It has the worst rate of newborn deaths: 20.8 babies per 1,000 births, or double the 10.2 deaths per 1,000 births of the national average. Almost triple the number of children under five died in the district’s facilities, compared to the national average (11.4 percent), while it had the third-highest number of deaths among children less than a year old.

Motsoaledi said it was no surprise that “90 percent of this document titled ‘Death and Dying in the Eastern Cape’ is about the OR Tambo District. We have also arrived at the same conclusion.”

In 1997, Thomas tabulated the backlog of service and infrastructure needed by the health department in a report, and concluded that an extra R500 million [$50million] annually for five years – “under a separate, dedicated administration, used exclusively to close the service deficits in the Transkei – would lay the foundation for dignified functional health services across the province”.

But this proposal was at odds with the National Treasury’s decision, under advice from the World Bank, to avoid international borrowing to reduce the huge debt that SA had run up before 1994. “Instead of an extra half a billion rands for five years, the already inadequate health service budget was sliced further,” said Thomas.

By 2013 conditions in the province have reached a new low. Budget analyst Daygan Eager points out in the Eastern Cape Health Crisis Action Coalition report that decisions on the health budget are now based on “crude assessments of absorptive capacity and historical spending, and not on any measure of what is actually needed, to deliver services”.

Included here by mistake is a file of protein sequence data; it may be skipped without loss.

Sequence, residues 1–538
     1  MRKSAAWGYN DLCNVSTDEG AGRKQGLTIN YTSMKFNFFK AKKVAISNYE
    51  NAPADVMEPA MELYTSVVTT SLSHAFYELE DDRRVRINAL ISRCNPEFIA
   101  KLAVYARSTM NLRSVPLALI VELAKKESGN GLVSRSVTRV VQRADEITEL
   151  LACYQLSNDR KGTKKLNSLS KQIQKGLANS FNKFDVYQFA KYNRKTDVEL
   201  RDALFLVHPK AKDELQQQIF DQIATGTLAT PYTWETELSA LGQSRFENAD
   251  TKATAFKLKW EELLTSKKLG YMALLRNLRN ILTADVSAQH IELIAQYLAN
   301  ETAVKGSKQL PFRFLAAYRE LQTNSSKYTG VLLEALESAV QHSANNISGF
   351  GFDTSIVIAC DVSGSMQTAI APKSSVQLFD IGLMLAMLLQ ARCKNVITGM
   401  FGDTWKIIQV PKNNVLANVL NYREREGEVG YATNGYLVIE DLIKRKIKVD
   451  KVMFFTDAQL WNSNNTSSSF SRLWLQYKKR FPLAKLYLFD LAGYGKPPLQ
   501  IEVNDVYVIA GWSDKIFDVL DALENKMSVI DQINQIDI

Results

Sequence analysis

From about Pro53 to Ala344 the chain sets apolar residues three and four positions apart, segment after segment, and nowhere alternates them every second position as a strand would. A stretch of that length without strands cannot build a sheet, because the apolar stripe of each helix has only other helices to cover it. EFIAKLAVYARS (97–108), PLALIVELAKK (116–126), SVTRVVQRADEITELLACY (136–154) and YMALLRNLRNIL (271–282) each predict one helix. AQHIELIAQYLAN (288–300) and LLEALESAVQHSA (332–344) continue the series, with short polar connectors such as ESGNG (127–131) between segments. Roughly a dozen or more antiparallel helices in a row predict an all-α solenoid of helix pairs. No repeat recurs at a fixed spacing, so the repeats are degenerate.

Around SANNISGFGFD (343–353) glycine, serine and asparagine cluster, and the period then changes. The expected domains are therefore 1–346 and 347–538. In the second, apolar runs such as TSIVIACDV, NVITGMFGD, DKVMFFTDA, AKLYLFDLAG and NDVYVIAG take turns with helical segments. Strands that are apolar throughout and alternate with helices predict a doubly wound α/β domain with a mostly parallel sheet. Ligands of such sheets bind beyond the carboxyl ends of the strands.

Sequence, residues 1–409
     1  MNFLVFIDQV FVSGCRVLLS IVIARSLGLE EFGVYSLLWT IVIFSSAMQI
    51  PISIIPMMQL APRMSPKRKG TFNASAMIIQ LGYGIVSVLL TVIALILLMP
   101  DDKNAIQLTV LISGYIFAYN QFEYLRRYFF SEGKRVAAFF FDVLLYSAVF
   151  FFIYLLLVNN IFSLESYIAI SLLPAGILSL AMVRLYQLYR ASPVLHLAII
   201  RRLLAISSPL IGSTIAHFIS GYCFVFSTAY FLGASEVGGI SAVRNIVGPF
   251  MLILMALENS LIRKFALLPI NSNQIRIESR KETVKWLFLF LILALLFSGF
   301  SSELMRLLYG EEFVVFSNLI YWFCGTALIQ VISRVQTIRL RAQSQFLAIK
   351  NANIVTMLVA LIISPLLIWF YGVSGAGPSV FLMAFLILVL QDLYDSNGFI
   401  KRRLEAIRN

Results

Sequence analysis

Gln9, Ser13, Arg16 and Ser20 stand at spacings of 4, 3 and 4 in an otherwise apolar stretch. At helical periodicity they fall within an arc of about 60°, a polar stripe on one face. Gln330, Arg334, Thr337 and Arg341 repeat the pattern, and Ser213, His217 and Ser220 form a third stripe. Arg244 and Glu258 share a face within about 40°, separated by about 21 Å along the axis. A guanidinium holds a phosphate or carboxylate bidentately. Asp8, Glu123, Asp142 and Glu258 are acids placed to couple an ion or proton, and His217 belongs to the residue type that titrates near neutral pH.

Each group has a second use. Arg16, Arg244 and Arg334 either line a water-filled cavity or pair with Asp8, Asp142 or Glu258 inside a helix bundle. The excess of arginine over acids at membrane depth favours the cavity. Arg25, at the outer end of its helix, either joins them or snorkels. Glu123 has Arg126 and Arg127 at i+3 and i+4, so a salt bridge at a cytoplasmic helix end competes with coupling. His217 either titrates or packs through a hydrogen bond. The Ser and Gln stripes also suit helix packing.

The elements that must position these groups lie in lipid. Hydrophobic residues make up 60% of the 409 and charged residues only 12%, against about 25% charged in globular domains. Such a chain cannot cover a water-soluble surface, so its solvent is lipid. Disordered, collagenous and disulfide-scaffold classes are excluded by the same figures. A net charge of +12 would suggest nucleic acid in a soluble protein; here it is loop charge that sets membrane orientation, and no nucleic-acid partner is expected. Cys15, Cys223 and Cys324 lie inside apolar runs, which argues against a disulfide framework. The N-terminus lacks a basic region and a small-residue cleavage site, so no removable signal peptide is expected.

The allocation and management of the budget may be a huge part of the problem, but even if it was increased, you would still have to contend with the provincial health department’s financial mismanagement and corruption. A Special Investigations Unit probe into corruption in the Eastern Cape Health Department found that between January 2009 and June 2010, officials and their associates pocketed more than R800 million (US$80 million).

In addition, the national Auditor General’s annual check of the financial statements showed that over the last decade “tens of millions of rands are lost each year through a mix of deliberate fraud, improper oversight and poorly managed supply chain systems”, the report said.